See also: Episode I
Setting up the NetBSD kernel debugging environment
NetBSD has its own kernel debugger named DDB. As the original documentation states, is useful for gathering crash tracebacks, examining the values of variables, and other minor debugging tasks, but if youre doing serious kernel hacking you will want to setup to work with the remote debugger, KGDB, instead.
There is a few HOWTOs on how to setup remote debugging for NetBSD kernel on the Internet.
The first one is the official NetBSD documentation chapter . It describes how to set up debugging using two computers connected with null-model cable.
The second one is a tutorial by Alexander Shishkin. It involves QEMU to host the debugged system, so the work can be done on a single PC. However, it uses a custom script for generating disk image with kernel and the basic userland. It looks a bit tricky.
I have wanted to use a normal system from the official distribution ISO image. Also I had only one laptop with NetBSD and QEMU was the solution. So, my way is a combination of the both methods mentioned above.
Building the kernel
Building kernel is fairly easy. All we need is just to modify the configuration to enable KGDB and to generate a full symbol table. The following steps are taken from the already referred official documentation:
# cd /usr/src/sys/arch/i386/conf # cp GENERIC DEBUGGING
DEBUGGING are build configuration files. These files determine what will be included into the kernel, which options will be enabled or disabled and so on.
GENERIC is a basic configuration file and the stock NetBSD kernel is built as
I have named a new configuration as “DEBUGGING”. In the
DEBUGGING configuration file, the following lines have to be commented with the preceiding pragma (
#options DDB # in-kernel debugger #options DDB_HISTORY_SIZE=100 # enable history editing
and the following lines have to be uncommented by removing the preceiding pragma:
options KGDB # remote debugger options "KGDB_DEVNAME=\"com\"",KGDB_DEVADDR=0x3f8,KGDB_DEVRATE=9600 makeoptions DEBUG="-g" # compile full symbol table
KGDB_DEVADDR option sets the address of the serial port which will be used for debugging.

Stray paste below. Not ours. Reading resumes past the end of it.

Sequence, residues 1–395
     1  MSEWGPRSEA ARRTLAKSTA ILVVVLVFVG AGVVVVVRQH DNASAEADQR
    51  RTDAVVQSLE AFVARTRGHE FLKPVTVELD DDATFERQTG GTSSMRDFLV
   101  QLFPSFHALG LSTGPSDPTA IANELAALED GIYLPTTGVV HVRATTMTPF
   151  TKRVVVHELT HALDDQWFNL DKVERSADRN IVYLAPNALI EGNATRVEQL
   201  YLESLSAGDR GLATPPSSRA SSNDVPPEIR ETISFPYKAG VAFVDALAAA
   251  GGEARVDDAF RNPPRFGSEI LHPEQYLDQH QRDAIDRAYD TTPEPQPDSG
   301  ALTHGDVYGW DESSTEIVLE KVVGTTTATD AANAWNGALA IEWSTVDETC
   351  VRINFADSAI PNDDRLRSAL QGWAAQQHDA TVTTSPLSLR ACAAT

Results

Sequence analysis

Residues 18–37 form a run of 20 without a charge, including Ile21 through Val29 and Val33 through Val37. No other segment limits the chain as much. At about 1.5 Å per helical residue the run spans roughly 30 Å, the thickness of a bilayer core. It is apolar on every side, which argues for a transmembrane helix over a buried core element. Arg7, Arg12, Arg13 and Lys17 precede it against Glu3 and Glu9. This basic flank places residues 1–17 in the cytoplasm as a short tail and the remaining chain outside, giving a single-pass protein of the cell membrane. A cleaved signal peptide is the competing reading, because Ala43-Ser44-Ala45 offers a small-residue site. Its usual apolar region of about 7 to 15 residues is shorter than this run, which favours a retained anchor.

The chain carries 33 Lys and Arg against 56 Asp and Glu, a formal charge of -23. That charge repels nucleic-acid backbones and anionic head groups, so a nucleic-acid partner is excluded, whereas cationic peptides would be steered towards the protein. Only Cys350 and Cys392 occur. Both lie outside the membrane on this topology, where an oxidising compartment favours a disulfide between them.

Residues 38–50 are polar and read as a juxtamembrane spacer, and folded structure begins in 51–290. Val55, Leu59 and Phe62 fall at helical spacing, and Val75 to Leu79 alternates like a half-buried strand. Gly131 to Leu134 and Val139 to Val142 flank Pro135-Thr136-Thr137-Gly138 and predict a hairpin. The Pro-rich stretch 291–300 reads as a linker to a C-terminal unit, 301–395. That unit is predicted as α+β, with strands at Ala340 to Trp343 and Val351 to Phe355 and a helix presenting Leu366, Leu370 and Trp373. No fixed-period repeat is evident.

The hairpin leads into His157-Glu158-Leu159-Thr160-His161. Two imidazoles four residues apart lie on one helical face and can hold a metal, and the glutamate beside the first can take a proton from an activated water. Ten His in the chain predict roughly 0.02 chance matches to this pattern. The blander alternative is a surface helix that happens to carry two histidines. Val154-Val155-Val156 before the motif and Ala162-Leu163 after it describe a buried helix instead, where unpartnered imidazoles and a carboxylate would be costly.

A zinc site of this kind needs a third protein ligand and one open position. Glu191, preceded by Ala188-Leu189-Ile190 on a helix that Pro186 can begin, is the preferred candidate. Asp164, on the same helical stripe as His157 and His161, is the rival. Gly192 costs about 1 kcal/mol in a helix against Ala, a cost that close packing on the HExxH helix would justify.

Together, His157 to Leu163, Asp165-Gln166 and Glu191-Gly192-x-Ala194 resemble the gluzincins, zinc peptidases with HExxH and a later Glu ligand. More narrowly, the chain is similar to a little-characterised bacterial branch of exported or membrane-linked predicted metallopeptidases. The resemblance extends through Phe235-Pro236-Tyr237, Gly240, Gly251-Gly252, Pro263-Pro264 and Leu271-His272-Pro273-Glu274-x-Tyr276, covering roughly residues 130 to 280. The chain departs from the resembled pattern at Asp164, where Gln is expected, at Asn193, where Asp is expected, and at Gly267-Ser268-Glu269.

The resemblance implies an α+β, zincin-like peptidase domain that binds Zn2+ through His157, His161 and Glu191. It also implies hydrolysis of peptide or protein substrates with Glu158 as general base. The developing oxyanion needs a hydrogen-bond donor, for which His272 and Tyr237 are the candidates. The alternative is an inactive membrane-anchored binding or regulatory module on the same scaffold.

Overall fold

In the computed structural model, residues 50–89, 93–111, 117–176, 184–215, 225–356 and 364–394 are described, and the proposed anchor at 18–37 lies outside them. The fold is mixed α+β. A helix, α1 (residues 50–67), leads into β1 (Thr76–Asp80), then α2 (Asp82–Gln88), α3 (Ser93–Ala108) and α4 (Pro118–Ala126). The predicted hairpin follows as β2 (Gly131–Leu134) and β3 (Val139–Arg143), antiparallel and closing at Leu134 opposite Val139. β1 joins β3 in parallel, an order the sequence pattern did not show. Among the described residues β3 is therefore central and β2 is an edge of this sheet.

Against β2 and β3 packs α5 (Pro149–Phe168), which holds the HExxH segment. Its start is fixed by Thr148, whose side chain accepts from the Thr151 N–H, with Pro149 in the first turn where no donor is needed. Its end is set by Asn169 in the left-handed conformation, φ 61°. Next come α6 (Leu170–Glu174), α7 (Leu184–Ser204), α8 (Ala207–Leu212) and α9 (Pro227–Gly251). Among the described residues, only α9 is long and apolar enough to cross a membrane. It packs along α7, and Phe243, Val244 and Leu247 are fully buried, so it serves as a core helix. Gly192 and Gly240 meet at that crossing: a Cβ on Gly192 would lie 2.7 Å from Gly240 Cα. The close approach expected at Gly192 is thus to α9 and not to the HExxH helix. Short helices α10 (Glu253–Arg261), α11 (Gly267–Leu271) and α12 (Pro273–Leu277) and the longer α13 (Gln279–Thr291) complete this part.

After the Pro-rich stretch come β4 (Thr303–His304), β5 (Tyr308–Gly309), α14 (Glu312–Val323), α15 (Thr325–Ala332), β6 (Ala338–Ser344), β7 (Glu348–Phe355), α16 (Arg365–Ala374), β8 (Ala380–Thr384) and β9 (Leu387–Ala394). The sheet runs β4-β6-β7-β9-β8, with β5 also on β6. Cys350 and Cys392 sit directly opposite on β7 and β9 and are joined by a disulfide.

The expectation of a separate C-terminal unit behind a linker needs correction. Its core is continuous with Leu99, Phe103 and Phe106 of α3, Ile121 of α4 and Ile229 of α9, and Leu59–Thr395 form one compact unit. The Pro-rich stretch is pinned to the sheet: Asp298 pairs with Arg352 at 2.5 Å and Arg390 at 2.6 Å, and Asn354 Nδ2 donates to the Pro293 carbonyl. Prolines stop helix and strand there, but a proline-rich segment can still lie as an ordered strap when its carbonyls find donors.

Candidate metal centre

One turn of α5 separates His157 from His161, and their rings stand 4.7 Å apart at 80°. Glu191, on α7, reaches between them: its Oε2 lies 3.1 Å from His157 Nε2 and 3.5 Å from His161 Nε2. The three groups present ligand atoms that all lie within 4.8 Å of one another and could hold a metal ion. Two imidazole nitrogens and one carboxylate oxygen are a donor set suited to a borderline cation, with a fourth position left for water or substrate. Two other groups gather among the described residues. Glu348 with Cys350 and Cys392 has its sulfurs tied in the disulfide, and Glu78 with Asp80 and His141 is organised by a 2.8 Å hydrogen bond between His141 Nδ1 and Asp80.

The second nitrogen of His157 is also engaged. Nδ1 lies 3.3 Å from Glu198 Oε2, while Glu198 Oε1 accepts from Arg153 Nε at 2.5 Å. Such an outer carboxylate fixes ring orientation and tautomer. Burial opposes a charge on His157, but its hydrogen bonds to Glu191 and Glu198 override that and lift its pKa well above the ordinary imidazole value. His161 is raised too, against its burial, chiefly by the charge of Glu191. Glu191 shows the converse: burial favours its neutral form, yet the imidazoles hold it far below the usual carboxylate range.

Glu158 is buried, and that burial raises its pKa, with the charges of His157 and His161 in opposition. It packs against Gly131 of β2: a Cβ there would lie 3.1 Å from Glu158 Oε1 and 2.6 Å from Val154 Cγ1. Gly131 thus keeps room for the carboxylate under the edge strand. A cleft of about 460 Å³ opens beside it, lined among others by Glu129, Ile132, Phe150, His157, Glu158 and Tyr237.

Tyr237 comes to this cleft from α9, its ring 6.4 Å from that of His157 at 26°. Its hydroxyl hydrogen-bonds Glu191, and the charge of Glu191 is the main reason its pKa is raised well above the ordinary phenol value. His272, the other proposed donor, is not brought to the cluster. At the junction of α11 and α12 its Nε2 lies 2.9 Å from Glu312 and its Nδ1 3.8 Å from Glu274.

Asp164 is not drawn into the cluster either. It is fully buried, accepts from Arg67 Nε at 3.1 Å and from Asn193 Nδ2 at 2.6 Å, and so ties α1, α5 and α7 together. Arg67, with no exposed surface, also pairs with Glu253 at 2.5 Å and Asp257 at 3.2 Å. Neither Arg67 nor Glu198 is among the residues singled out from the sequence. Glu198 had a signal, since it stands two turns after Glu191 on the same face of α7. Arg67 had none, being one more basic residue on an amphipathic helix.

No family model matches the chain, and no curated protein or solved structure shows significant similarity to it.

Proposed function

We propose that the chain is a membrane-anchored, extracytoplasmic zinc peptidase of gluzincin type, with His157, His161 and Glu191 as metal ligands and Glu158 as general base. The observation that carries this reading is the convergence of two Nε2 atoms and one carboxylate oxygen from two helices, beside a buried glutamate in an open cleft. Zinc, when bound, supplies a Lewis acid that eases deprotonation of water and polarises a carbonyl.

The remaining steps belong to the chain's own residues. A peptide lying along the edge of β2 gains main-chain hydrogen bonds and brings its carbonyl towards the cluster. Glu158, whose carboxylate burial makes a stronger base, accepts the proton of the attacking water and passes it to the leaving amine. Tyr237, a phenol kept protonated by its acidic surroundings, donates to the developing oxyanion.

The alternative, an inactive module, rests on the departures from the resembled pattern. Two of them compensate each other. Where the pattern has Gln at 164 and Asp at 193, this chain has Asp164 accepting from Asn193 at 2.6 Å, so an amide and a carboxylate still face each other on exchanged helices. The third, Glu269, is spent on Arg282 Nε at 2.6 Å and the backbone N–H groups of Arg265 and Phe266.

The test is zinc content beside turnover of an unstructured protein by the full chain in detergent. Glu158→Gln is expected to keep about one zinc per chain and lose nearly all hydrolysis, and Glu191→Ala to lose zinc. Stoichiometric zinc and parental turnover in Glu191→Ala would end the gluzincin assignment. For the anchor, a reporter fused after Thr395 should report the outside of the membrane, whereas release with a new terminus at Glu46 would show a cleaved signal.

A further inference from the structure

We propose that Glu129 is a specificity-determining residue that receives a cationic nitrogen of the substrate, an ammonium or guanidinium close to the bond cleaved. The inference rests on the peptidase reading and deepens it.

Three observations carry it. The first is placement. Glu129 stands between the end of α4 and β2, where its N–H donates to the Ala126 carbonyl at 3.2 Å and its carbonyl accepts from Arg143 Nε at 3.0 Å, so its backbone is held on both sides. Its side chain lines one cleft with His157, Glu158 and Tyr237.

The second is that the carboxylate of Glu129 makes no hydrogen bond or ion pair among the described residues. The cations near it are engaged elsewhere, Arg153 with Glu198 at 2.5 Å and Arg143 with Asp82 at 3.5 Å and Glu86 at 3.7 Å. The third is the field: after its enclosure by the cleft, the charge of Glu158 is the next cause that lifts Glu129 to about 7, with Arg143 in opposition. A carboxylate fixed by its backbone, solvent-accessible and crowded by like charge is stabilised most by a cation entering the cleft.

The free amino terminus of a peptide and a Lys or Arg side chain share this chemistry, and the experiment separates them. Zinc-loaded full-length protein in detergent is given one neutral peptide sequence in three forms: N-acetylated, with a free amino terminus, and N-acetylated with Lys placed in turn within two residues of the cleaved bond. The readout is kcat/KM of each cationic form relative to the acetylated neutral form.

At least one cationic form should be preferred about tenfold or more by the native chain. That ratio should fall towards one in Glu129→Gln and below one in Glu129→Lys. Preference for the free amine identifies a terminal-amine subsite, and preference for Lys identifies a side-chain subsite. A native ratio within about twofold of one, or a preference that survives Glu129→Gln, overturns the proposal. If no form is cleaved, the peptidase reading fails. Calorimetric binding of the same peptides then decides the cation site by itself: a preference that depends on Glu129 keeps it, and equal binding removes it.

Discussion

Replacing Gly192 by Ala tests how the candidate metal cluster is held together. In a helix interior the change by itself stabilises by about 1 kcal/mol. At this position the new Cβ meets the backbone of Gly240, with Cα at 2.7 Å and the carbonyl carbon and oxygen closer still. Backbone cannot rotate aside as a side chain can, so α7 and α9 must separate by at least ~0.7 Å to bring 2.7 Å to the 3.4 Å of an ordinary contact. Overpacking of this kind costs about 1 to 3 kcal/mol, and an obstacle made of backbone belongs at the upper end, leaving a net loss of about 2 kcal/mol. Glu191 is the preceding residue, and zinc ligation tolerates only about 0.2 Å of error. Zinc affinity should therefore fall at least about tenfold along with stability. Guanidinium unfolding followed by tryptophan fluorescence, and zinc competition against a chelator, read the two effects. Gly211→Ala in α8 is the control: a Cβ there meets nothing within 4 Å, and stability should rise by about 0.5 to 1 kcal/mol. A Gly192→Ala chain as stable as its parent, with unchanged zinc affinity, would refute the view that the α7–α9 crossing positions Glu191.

There is just a few things left to build the kernel:
# config DEBUGGING # cd ../compile/DEBUGGING # make depend # make
That is all! After the successful compilation we will get
netbsd.gdb files in the current directory. It is a new kernel and debugging symbols for GDB respectively.
Preparing the guest system
Now we need to get a basic system working in QEMU. The following commands will create a 2GB QEMU hard disk image and run the NetBSD installer for it:
$ qemu-img create netbsd.img 2G $ qemu -hda netbsd.img -cdrom i386cd-5.0.2.iso -boot d -m 196 -localtime
All QEMU options in the last command are quite straightforward, the most interesting are:
-hda– specifies a hard disk image that we have created a step before (netbsd.img);
-cdrom– specifies an installation CD ISO image (
i386cd-5.0.2.isoin my case)
-boot d– tells QEMU to boot from a virtual CD-ROM instead of the hard disk image;
After the successful installation we will need to restart QEMU with some different options:
$ qemu -hda netbsd.img -boot c -m 196 -localtime \ -net user -net nic,model=rtl8139 \ -redir tcp:5555::22
-net options will enable networking in the guest. The last
-redir option will allow us to connect to the guest with
ssh via the localhost port 5555.
After the system will boot, log in as root and run
to obtain an IP address.
ping will not work, but pkgsrc will. I have installed Git and OpenSSHd.
Installation of a new kernel is quite simple. With QEMU networking the host machine usually appears as
10.0.2.2 , so the kernel can be transferred with
# mv /netbsd /netbsd.old # scp firstname.lastname@example.org:/usr/src/sys/arch/i386/compile/DEBUGGING/netbsd /
Again, we will need to restart QEMU in a new configuration:
$ qemu -hda netbsd.img -boot c -m 196 -localtime \ -net user -net nic,model=rtl8139 \ -redir tcp:5555::22 \ -serial tcp::4444,server
The last option
-serial tcp::4444,server creates a pipe from a host’s port 4444 to guest’s serial port (remember KGDB options in the kernel configuration).
QEMU will start but will not launch the guest system until we connect to this port. It is time to open
(gdb) symbol-file /usr/src/sys/arch/i386/compile/DEBUGGING/netbsd.gdb (gdb) target remote :4444
QEMU window will appear and we will need to boot the guest system with a different command in the NetBSD bootloader:
After some seconds the guest system will enter an initial breakpoint and in the gdb shell we will get something like this:
0xc053556c in breakpoint () (gdb)
Great! Now everything is ready for debugging.
(to be continued)